CT imaging in June 2011 showed a disease progression with a new solitary pulmonary lesion with a diameter of 3.3 × 2.8 cm (Figure 2a) and ascites in all 4 quadrants of the abdomen (Figure 2b). As the patient refused biopsy of the pulmonary lesion and the radiology report stated that the lung lesion was radiological consistent with a pulmonary metastasis a biopsy was not performed. Tumor markers CEA and CA 19.9 were within normal range at the time of diagnosis and during the whole course of disease. Clinically, the amount of ascites was increasing and required abdominal punctures on a weekly basis. Therefore the first line CTX with capecitabine, irinotecan and bevacizumab was reinitiated. Despite administration of granulocyte colony stimulation factor another episode of neutropenic fever occurred and CTX was discontinued after a total of 3 cycles in August 2011. As the patient refused to receive any further CTX and because of ascites being the predominant clinical symptom an immunotherapy with i.p. catumaxomab was started in December 2011 (4 consecutive i.p. infusions of catumaxomab on days 0, 3, 7 and 10 at increasing doses of 10, 20, 50 and 150 μg). Treatment was well tolerated without any side effects. Surveillance by CT scan in April, July and October 2012 showed a partial response of the pulmonary lesion and no paracentesis was necessary until January 2013 (Figure 3a and b). While the pulmonary lesion showed a further regression in size and could finally only be detected as a scar (Figure 4a), a CT scan in January 2013 showed a progressive peritoneal disease with ascites and a consecutive hydronephrosis III° of the right kidney (Figure 4b). As the patient still refused any further CTX we decided to restart i.p. treatment with catumaxomab in January 2013.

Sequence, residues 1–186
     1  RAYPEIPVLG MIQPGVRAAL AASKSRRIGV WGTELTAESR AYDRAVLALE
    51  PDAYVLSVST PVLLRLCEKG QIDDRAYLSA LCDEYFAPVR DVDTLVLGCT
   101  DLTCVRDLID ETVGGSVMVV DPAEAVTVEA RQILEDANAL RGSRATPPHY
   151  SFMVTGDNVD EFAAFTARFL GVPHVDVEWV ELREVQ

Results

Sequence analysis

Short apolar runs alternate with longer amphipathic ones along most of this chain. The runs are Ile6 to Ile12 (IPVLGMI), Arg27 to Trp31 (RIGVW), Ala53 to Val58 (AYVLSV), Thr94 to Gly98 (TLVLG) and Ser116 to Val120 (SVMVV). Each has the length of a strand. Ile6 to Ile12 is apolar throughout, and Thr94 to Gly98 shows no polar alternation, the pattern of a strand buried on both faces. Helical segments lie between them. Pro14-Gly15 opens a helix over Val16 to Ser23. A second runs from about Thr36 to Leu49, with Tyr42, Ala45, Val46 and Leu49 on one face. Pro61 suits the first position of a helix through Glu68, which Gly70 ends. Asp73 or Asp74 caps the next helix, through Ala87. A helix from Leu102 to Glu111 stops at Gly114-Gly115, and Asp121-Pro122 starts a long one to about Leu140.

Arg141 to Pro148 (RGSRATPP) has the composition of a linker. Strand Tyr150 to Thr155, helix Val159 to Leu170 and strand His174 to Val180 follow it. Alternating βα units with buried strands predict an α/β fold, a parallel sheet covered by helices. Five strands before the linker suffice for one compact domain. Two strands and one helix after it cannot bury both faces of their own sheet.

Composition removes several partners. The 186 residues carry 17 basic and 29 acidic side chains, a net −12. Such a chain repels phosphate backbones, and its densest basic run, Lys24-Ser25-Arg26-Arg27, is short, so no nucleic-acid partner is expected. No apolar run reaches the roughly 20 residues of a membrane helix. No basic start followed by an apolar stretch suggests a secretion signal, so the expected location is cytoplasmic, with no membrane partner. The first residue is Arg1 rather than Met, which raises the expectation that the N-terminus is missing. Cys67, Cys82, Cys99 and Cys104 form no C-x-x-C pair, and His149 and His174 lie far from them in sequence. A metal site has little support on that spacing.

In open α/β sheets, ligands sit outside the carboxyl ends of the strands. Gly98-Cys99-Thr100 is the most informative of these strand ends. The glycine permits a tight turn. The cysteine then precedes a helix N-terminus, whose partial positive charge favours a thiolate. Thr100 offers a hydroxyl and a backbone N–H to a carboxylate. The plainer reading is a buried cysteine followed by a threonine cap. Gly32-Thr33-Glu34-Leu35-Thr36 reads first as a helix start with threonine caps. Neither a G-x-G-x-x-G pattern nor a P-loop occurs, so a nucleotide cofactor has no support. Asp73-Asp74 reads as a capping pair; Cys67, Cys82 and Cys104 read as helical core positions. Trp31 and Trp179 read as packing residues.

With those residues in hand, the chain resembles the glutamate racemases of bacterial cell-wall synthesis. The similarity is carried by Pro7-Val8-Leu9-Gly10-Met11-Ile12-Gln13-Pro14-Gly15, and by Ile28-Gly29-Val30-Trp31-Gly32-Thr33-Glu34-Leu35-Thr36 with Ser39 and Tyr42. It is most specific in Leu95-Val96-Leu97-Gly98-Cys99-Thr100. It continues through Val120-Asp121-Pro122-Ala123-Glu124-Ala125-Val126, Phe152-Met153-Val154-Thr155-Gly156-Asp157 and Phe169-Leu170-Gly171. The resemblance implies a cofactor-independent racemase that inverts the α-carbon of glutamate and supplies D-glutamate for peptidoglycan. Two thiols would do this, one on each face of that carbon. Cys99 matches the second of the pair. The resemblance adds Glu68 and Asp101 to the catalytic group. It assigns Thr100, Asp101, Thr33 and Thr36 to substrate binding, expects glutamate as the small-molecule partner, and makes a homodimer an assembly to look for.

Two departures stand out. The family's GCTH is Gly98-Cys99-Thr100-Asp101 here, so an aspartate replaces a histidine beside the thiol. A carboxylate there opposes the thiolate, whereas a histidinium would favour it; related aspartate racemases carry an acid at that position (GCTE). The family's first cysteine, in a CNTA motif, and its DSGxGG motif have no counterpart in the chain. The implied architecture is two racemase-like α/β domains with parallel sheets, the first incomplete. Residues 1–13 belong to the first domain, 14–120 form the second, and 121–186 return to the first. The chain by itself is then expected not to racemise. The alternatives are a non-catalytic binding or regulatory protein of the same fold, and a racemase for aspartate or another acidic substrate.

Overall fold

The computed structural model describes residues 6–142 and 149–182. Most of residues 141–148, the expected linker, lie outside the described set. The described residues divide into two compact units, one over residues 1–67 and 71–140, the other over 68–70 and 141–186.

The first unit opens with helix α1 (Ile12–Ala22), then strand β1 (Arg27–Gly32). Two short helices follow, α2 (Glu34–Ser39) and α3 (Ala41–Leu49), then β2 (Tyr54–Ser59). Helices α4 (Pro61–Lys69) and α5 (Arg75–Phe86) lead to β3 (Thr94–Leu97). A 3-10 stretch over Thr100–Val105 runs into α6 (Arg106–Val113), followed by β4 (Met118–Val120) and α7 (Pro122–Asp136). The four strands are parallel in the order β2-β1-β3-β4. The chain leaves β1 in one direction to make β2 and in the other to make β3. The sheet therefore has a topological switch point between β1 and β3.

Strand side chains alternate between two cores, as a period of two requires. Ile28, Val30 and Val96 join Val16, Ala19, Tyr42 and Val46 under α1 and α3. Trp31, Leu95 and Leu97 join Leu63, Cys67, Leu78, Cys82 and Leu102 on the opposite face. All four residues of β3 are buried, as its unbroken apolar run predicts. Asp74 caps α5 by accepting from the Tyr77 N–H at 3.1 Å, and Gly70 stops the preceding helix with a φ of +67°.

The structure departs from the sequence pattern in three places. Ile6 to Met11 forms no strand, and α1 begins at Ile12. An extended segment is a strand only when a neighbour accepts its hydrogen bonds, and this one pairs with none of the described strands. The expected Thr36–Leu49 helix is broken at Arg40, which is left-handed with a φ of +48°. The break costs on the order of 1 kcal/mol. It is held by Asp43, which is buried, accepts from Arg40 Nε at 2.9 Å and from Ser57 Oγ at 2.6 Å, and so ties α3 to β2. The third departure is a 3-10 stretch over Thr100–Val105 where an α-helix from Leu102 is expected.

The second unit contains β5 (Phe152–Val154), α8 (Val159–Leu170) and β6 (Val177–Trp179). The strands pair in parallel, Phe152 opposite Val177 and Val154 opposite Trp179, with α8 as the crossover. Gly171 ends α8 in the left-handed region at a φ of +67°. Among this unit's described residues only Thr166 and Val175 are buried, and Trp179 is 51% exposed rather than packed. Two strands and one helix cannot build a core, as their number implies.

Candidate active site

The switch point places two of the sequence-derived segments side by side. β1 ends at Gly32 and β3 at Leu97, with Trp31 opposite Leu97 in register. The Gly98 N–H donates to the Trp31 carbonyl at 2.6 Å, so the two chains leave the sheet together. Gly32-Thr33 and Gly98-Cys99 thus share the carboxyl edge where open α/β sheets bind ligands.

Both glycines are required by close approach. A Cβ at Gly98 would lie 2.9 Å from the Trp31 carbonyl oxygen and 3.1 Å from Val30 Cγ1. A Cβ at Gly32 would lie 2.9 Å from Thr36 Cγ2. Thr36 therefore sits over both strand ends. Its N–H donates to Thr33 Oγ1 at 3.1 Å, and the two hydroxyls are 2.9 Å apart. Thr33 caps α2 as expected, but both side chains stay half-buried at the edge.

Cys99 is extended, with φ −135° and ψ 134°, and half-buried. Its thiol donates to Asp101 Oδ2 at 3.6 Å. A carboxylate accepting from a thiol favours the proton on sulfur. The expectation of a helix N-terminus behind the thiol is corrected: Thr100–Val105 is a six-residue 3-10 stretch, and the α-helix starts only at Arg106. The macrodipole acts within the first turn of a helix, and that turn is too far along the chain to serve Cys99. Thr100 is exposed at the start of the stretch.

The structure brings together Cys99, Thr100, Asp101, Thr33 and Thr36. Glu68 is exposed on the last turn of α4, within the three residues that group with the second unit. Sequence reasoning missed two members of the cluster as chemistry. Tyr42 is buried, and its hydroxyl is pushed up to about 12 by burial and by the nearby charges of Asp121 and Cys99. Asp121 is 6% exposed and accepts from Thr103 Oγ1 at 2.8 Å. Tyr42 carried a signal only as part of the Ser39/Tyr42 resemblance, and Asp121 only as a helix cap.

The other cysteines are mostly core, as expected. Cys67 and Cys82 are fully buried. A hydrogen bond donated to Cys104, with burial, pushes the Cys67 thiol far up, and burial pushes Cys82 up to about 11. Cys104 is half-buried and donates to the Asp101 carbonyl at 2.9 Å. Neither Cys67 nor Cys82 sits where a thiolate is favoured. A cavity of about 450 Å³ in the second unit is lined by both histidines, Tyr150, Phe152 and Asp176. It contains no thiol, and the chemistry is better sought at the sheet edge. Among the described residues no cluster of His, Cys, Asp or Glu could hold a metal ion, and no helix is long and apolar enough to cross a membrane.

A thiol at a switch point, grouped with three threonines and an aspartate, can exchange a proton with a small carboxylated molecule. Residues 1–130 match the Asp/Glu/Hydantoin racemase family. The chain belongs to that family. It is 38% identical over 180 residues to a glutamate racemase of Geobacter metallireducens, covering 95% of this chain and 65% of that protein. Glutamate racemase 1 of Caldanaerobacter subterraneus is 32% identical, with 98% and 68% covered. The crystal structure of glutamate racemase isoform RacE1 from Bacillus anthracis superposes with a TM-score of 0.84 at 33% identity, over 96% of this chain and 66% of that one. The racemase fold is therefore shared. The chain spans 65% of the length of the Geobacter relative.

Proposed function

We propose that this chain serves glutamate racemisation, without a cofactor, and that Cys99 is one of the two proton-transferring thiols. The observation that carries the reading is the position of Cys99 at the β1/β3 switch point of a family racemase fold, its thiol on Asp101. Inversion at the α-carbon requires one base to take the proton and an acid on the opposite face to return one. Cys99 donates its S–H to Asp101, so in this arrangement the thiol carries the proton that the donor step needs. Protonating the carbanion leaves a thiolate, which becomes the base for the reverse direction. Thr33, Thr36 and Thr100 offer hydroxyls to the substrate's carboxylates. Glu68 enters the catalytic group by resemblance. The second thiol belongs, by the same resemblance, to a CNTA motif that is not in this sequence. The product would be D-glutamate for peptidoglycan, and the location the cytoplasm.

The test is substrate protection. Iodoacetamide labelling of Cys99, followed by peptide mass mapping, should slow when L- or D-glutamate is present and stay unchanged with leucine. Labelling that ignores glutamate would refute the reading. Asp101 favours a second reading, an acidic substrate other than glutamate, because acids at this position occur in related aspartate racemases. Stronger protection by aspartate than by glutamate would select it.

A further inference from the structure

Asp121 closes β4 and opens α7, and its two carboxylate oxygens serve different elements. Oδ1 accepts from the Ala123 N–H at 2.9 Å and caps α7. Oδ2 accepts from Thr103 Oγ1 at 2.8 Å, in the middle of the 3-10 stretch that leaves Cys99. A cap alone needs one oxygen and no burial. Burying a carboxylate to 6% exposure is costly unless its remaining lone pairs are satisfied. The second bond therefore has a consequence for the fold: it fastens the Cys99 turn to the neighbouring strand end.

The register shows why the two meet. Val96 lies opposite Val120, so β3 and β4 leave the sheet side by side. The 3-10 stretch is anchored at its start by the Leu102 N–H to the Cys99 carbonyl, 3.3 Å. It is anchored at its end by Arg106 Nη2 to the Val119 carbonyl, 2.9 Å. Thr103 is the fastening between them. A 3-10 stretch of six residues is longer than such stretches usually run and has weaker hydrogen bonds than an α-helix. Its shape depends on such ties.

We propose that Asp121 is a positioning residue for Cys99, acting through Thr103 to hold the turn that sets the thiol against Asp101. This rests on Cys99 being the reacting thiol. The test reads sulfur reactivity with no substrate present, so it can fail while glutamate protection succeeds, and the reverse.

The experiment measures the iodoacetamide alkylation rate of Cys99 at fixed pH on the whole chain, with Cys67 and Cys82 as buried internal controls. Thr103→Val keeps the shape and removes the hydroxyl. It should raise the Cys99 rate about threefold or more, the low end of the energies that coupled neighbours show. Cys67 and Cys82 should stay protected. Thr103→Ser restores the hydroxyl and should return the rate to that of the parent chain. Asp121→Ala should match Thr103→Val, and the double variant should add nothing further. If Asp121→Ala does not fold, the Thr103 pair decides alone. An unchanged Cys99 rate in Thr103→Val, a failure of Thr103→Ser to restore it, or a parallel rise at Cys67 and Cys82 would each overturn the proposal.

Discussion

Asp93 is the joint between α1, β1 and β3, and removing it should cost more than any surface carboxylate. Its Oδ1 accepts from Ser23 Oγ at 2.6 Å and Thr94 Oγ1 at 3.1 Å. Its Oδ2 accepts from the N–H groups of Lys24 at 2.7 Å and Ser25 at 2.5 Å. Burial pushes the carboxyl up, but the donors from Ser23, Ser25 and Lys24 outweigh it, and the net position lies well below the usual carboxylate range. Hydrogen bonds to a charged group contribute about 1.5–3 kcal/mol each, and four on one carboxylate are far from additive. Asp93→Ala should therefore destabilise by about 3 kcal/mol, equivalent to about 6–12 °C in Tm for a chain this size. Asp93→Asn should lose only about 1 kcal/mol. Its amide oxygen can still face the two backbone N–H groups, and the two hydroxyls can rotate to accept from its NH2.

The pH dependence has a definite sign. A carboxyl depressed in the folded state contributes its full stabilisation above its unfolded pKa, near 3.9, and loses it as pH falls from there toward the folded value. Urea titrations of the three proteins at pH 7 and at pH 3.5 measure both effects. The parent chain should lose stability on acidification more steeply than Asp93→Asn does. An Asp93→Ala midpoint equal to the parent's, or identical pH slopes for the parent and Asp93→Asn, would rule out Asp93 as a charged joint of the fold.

Figure 2
figure 2

Contrast-enhanced computed tomography scan of the chest and abdomen showing disease progression in June 2011. (a) A 3.3 × 2.8 cm mass (big arrow) in the left lung and (b) ascites in all 4 quadrants of the abdomen (big arrow) and peritoneal nodules (small arrows).

Figure 3
figure 3

Contrast-enhanced computed tomography scan of the chest and abdomen after treatment with catumaxomab in July 2012. (a) Partial response of the pulmonary lesion (1.8 × 1.1 cm, big arrow) and (b) regression of peritoneal carcinomatosis (small arrows) with less amount of ascites.

Figure 4
figure 4

Contrast-enhanced computed tomography scan of the chest and abdomen in January 2013. (a) The pulmonary lesion can only be detected as a scar (big arrow). (b) Recurrent ascites (big arrows) and peritoneal nodules (small arrows).